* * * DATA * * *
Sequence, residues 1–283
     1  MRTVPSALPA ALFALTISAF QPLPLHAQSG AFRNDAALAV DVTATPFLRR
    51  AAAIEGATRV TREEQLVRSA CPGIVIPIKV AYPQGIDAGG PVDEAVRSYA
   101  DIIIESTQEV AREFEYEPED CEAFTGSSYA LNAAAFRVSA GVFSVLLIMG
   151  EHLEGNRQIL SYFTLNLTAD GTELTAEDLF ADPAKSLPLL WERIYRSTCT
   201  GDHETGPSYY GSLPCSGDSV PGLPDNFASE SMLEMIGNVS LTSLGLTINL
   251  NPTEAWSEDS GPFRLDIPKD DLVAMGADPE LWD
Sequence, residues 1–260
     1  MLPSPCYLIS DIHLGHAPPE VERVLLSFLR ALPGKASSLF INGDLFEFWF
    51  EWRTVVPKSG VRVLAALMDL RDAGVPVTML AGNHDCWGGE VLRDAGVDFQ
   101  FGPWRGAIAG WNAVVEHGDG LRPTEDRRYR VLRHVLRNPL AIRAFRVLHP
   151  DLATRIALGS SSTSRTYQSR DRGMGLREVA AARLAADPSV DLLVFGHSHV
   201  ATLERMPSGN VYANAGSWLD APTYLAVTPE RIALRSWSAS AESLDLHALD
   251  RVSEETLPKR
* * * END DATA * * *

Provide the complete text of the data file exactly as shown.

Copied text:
Sequence, residues 1–283
     1  MRTVPSALPA ALFALTISAF QPLPLHAQSG AFRNDAALAV DVTATPFLRR
    51  AAAIEGATRV TREEQLVRSA CPGIVIPIKV AYPQGIDAGG PVDEAVRSYA
   101  DIIIESTQEV AREFEYEPED CEAFTGSSYA LNAAAFRVSA GVFSVLLIMG
   151  EHLEGNRQIL SYFTLNLTAD GTELTAEDLF ADPAKSLPLL WERIYRSTCT
   201  GDHETGPSYY GSLPCSGDSV PGLPDNFASE SMLEMIGNVS LTSLGLTINL
   251  NPTEAWSEDS GPFRLDIPKD DLVAMGADPE LWD
Sequence, residues 1–260
     1  MLPSPCYLIS DIHLGHAPPE VERVLLSFLR ALPGKASSLF INGDLFEFWF
    51  EWRTVVPKSG VRVLAALMDL RDAGVPVTML AGNHDCWGGE VLRDAGVDFQ
   101  FGPWRGAIAG WNAVVEHGDG LRPTEDRRYR VLRHVLRNPL AIRAFRVLHP
   151  DLATRIALGS SSTSRTYQSR DRGMGLREVA AARLAADPSV DLLVFGHSHV
   201  ATLERMPSGN VYANAGSWLD APTYLAVTPE RIALRSWSAS AESLDLHALD
   251  RVSEETLPKR